I have recently been fascinated with wireless-ness. I thought of a little project so I could do a little research in this area. This project uses a circuit board found in a Christmas card or birthday card that makes it play music when the card is opened. It will also use an RF transmitter and receiver. What I am aiming to do is wirelessly transmit the music from the sound circuit to a speaker via the RF transmitter and receiver.

Parts I plan to use:

RF Link Transmitter (315 MHz) - https://www.sparkfun.com/products/10535

RF Link Receiver (315 MHz) - https://www.sparkfun.com/products/10533

Music Circuit (something similar to this link) - http://www.ebay.com/itm/230761780701

Original circuit: Music circuit -> Speaker

New circuit: Music circuit -> RF transmitter -> RF receiver -> Speaker

What I'm looking to do is cut the wires of the speaker and attach the circuit board to the RF transmitter. And then attach the speaker to the RF receiver. I'm assuming I'm going to need some sort of buffer attached to the receiver. Is there any sort of hardware buffer I would be able to use or would using a buffer through code be easier?

Music circuit -> RF transmitter -> RF receiver -> Buffer -> Speaker

Another thing I'm worried about is the data I will be sending. Would I need an analog to digital converter to change the original signal (that was sent to the speaker itself) to a digital signal for the RF transmitter to transmit correctly? And then would I need to change that signal back to an analog signal?

Music circuit -> ADC -> RF transmitter -> RF receiver -> Buffer -> DAC -> Speaker

Would this be a practical solution?

I know using 2 arduinos would probably be easier, but I want to eliminate the use of micro controllers and code, and focus on the hardware and circuit analysis of the system. Also, I'm using the RF link transmitter and receiver because they are cheap and I want to focus on how the signal is created, sent, and received.

  • \$\begingroup\$ Those TX/RX pairs can normally handle analog OK and I see that receiver has a linear output so it should work. Be aware though while an interesting project from a practical point of view the results will probably be 'telephone quality'. \$\endgroup\$
    – PeterJ
    Commented Jul 31, 2013 at 8:41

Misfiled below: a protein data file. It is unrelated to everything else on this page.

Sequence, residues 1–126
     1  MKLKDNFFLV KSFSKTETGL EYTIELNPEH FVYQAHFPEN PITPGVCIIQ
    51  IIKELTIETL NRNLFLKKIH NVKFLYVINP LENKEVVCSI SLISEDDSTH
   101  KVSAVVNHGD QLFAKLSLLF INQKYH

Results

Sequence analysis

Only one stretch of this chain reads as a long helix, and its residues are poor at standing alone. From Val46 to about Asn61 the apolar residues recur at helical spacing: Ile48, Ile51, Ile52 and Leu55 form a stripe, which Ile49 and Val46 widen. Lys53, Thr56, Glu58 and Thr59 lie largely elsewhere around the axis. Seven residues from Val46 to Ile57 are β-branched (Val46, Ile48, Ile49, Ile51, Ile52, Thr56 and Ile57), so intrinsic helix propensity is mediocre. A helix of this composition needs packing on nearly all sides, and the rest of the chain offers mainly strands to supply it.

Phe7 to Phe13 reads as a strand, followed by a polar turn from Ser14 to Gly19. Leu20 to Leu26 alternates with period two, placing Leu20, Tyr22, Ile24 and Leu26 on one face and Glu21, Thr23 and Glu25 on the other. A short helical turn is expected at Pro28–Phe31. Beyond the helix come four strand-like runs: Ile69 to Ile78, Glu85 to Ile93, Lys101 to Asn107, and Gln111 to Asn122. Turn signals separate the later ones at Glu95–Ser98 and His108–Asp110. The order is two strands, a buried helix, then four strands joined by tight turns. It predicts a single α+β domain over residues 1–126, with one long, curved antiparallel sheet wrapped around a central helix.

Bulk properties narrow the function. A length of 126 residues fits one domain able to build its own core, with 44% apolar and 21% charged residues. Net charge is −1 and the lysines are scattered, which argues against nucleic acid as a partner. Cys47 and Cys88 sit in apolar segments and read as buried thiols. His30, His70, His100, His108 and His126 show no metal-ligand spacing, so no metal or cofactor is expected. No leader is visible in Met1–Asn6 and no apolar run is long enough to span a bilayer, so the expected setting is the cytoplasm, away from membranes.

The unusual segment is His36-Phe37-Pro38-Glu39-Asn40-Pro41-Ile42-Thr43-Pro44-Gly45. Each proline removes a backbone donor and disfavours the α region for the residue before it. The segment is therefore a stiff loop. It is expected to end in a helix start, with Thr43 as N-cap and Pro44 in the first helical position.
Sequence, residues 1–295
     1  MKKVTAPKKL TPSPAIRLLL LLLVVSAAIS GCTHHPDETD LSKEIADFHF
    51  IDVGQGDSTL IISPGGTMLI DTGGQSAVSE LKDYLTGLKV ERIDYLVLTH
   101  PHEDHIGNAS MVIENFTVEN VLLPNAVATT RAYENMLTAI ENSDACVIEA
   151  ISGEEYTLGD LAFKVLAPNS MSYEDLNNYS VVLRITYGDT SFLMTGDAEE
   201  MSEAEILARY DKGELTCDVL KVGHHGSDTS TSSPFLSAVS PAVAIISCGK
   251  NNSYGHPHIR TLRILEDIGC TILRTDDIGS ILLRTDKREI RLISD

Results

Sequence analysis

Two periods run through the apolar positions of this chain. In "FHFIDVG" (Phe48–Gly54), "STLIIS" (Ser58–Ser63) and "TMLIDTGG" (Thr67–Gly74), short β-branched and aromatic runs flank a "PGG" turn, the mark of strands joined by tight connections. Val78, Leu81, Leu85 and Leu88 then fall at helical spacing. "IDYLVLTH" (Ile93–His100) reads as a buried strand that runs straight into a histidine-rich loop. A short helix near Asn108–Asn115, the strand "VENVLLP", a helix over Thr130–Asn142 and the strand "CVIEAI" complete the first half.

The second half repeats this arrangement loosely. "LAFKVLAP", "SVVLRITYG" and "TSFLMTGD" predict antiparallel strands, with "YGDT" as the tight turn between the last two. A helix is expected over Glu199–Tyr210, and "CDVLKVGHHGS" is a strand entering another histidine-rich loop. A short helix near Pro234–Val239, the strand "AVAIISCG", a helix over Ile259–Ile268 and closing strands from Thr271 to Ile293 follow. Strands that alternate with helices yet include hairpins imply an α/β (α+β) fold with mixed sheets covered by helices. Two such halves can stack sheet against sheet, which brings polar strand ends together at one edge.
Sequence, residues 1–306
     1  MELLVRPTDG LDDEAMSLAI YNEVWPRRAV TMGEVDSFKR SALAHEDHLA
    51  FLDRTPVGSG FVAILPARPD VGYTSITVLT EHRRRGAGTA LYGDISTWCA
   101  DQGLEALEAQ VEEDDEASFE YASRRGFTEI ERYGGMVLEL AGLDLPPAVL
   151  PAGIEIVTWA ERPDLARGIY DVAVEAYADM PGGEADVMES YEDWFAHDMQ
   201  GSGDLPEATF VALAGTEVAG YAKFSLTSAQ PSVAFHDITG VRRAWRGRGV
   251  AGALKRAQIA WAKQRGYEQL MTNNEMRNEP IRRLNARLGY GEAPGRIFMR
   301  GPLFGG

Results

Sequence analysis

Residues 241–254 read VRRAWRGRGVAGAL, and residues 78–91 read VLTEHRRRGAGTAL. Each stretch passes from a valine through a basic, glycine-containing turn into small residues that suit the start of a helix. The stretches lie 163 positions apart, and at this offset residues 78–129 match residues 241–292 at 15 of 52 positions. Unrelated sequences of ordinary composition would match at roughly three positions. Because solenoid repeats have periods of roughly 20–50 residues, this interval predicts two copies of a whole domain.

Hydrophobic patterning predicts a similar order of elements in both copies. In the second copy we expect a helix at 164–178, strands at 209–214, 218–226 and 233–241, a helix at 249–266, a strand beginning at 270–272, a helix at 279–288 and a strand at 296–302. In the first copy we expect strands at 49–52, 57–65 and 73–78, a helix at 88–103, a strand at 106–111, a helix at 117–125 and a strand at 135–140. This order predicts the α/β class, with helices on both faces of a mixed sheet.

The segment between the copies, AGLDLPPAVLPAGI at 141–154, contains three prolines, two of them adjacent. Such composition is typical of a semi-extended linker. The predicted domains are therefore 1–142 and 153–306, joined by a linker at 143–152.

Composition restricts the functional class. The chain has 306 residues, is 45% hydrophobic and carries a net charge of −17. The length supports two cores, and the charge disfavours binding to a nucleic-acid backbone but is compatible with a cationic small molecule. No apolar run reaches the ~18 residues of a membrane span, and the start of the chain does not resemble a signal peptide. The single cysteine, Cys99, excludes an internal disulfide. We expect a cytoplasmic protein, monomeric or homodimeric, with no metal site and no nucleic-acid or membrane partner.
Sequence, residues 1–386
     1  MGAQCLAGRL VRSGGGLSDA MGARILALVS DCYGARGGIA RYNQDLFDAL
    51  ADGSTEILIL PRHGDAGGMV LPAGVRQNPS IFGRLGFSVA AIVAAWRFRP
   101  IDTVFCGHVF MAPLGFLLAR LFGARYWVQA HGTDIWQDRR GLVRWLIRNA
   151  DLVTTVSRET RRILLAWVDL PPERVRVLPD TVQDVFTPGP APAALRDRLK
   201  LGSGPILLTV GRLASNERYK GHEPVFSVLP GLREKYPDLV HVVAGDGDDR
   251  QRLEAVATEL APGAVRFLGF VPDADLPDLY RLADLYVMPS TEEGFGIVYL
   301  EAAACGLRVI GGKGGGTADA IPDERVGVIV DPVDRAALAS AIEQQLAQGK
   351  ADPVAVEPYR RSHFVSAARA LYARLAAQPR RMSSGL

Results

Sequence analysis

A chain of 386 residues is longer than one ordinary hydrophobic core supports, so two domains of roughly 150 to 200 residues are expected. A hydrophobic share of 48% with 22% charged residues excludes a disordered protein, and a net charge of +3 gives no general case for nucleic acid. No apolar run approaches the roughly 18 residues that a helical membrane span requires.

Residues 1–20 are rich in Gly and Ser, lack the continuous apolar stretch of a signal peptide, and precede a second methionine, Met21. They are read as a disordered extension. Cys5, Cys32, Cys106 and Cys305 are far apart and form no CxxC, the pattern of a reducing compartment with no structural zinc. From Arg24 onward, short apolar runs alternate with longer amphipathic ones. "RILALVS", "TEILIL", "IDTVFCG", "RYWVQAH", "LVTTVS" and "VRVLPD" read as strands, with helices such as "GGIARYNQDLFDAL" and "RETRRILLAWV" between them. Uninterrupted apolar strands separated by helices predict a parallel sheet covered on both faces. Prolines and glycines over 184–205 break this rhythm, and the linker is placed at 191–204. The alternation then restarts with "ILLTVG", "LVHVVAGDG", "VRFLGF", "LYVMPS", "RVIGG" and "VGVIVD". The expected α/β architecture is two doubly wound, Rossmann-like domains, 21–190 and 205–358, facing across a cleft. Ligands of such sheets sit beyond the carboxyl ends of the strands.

• 6
    \$\begingroup\$ If you're interested in the process of sending and recieving the signal, why use a sealed module? You could build a very low power FM or AM transmitter and interact with a normal radio in the same room. \$\endgroup\$
    – pjc50
    Commented Jul 31, 2013 at 8:47
  • \$\begingroup\$ pjc50 is on the right track, a small basic analogue Tx is by far the simplest solutions rather than throwing multiple arduinos at the problem. \$\endgroup\$
    – John U
    Commented Jul 31, 2013 at 8:58
  • 1
    \$\begingroup\$ You might be able to re-engineer one of those car MP3 adapters. They have an audio input (for MP3 players etc) and transmit a low-power FM signal which is received by the car radio. Whether it could be adapted to work off a lower supply voltage, I don't know. \$\endgroup\$
    – MikeJ-UK
    Commented Jul 31, 2013 at 9:05
  • \$\begingroup\$ Hmm interesting. Thank you all for the input. I was thinking of building my own transmitter before. I found this: pyroelectro.com/projects/pyro_rf_transmitter_27mhz but I soon found myself leaning toward just buying one since I understood what was happening on the circuit level. I'll take a look at building an am or fm transmitter and possibly a receiver. I completely forgot about the different modulations. Looks like I have some more research to do! \$\endgroup\$ Commented Jul 31, 2013 at 9:15

1 Answer 1


Here's another thing you can do:

You could replace the microphone with the music circuit and then:

  • Use the built in speaker. (Save some money)
  • Replace the old speaker with the new. (If you're feeling geeky today)

Here's a cheap baby monitor on Amazon.

From Amazon.com: Baby monitor

  • \$\begingroup\$ Would this have good enough quality? \$\endgroup\$ Commented Jul 31, 2013 at 19:17
  • \$\begingroup\$ Have you heard those greeting cards? \$\endgroup\$ Commented Jul 31, 2013 at 19:22
  • \$\begingroup\$ Well yes... but what about interference? He never said his range. I was questioning whether there would be some static/garbling. \$\endgroup\$ Commented Jul 31, 2013 at 19:23
  • \$\begingroup\$ Fair point. I would assume the cheap baby monitor is a poor quality radio in terms of fidelity, interference, etc. But it's cheap and very fast to implement. It has a microphone on the transmitter side, so "wiring it up" consists of just placing it next to the greeting card. \$\endgroup\$ Commented Jul 31, 2013 at 19:40
  • \$\begingroup\$ Yeah I guess. It sure would be fine if it was over short distances, but I would limit how far I would go with it away from the receiver. Even better, find one that sends sound digitally so it can "edit" out all the extra noise. (You could do this also yourself, but you'd have to use a microcontroller, which the OP doesn't want to do.) \$\endgroup\$ Commented Jul 31, 2013 at 19:43

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